What’s the best book you’ve ever read? When did you realize it? One page in or halfway through? And honestly, with so many out there, can you really have just one?
Amor Towles’ A Gentleman in Moscow found me in November, and I knew I’d be forever changed as a writer and reader after only a few pages. Actually, there was a more grand design that led me to this book. Or as my friend, Leila, called it, a God-wink.
My in-laws met a writer named Leila Meacham on a river cruise in Washington State a few years ago. Leila is more than a big deal in the literary world and a Jedi of the English language. When my wife went to have lunch on the boat as it passed near Red Mountain, she met Leila. They exchanged some words and then Leila retired to her room. But a few minutes later, she returned. She told my wife, “Something told me to come back and talk to you about your husband. I have a feeling he needs me.” As my biggest fan, my wife had of course told Leila that I was also a writer. (That’s the first God-wink in this story.)
Their next conversation led to exchanging numbers, and I was soon on the phone with Leila, absorbing advice and criticism worth its weight in gold. Leila was an English teacher all her life, and only started writing novels after she retired. Her book, Roses, hit the big time and soon she was running around with the A-listers.
Over the past few years, she’s been my guide. She has pushed me since day one to chase mastery in my craft. She’s taught me to analyze every word, every sentence. To study plot and structure. To edit and edit and edit again. We email often, and even her short form communication is a master class. She’s recommended a few books over the years that she thought did it right.
A Gentleman in Moscow was one of them. But I only picked it up after booking a trip in November to Russia. I’m that geek that likes to read a book set where I’m traveling. I read Wine and War in Burgundy, The Sicilian in Sicily, and Druids in Ireland. Am I the only one that does this?
I booked my hotel for Moscow before I had decided to read this book. Before I knew what it was about. The day after booking, I was scrolling through my Kindle, trying to decide what to read on the plane, and I saw A Gentlemen. I thought, perhaps, it’s time. I got on Amazon to read the summary, and that’s where I found my next God-wink. The story is about Count Rostov who, during the early part of last century, is sentenced to spend the rest of his life within the confines of the Hotel Metropole in Moscow. Guess what… I had booked the Hotel Metropole the day before!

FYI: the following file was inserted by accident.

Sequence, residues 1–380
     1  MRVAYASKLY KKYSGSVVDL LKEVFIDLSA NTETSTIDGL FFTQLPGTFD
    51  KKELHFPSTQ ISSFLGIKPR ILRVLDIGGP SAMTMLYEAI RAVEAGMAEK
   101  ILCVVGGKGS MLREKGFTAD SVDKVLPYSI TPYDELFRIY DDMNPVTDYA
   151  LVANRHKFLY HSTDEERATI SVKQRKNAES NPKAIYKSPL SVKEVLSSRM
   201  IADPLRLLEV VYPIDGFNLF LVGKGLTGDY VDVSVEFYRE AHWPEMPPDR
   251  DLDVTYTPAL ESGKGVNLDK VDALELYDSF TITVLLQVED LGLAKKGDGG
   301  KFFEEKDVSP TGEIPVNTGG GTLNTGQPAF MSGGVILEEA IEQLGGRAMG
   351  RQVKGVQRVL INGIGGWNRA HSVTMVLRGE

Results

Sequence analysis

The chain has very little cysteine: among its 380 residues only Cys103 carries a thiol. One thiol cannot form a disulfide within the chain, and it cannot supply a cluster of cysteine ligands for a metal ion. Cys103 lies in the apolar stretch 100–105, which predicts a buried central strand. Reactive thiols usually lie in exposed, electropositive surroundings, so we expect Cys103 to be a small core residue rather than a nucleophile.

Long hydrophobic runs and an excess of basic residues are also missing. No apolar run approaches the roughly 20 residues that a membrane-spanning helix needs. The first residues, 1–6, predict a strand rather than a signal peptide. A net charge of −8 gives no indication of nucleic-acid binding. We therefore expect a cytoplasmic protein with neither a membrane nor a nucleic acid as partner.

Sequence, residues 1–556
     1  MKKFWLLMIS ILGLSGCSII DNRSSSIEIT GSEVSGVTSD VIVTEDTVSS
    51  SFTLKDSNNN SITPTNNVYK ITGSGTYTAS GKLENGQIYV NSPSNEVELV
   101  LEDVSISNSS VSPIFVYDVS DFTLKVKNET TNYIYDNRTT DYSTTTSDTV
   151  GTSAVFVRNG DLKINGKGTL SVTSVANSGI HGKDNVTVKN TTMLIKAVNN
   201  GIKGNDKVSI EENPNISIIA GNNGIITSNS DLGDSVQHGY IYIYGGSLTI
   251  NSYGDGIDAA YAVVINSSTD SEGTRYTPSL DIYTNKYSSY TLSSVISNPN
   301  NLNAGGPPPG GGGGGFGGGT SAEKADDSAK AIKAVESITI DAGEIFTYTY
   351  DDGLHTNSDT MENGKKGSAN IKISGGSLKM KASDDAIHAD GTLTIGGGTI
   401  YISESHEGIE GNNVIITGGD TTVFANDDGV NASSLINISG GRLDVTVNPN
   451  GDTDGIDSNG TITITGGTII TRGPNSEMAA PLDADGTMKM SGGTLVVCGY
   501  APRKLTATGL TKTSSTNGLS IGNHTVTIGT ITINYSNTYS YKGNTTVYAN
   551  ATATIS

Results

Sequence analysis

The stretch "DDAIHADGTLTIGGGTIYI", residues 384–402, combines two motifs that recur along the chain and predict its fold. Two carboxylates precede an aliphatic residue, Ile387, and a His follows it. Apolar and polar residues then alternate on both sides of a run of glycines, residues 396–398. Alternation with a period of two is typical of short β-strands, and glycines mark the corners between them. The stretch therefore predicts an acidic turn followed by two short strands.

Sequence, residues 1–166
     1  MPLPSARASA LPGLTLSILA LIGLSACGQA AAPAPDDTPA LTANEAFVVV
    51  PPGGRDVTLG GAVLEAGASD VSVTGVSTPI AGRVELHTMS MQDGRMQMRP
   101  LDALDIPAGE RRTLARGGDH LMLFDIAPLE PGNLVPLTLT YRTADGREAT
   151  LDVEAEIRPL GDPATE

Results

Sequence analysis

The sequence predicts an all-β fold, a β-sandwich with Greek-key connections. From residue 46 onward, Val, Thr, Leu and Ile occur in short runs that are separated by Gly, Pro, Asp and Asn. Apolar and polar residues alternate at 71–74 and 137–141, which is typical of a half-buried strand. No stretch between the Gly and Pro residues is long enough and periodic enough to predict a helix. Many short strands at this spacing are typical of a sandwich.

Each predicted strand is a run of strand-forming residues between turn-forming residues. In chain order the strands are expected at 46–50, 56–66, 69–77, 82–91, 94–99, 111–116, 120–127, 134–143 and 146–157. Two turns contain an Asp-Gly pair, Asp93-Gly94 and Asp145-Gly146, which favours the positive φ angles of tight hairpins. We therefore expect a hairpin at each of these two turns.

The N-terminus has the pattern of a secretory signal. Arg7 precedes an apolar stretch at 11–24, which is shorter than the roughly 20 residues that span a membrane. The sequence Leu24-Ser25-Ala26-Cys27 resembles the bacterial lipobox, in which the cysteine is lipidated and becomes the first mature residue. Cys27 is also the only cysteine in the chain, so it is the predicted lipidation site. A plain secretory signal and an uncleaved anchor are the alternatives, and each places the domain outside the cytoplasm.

You’re damn right I sat with my legs crossed in the lobby of the Hotel Metropole and drank my coffee and read this book every morning, thinking of Count Alexander Rostov sitting next to me. If only it had been one-hundred years earlier. If only he was real!
On to the book. Read it. Just read it. If you and I have anything in common, you’ll find it so refreshing and brilliant and intellectual. It actually took me longer than usual to finish, because I’d read particular sentences or paragraphs or thoughts and have to set my Kindle down for a moment. The way Amor Towles thinks is pure genius. Take the character and the story out of it, which are both addicting. His choices in how he describes the Count’s world are mind-boggling.
He writes, “Surely, the span of time between the placing of an order and the arrival of appetizers is one of the most perilous in all human interaction.” How well said. I read that line over and over and still talk about it.
Here’s my favorite. A captain visiting the hotel is sitting at the same bar as the Count. He notices the Count swirling his snifter and moves a stool closer. The captain says, “You seem like something is weighing on your mind. I mean, you set that brandy in motion about half an hour ago. If you’re not careful, the vortex you’ve created will drill a hole right through the floor and we’ll all end up in the basement.” I finished that line and had to go for a walk. The writer in me wanted to retire my pen, but the reader in me was so profoundly touched. This is why I read. This is why I write. You can see in absolute clarity the Count at that bar, swirling his glass, wrestling with a heavy thought.
And, oh, the character. Had I the option, Count Rostov is the fictional character I’d choose to dine with. Never has their been a more refined and proper gentleman. He says, “For what matters in life is not whether we receive a round of applause; what matters is whether we have the courage to venture forth despite the uncertainty of acclaim.”
It’s hard to claim a favorite book. Each day we pick new favorites in all things. But for now… I can claim with certainty that A Gentleman in Moscow is the best book I’ve ever read.
Have you read it? What are your thoughts? Or… what’s your favorite book? Leave a reply below.
Here’s to more God-winks for all of us,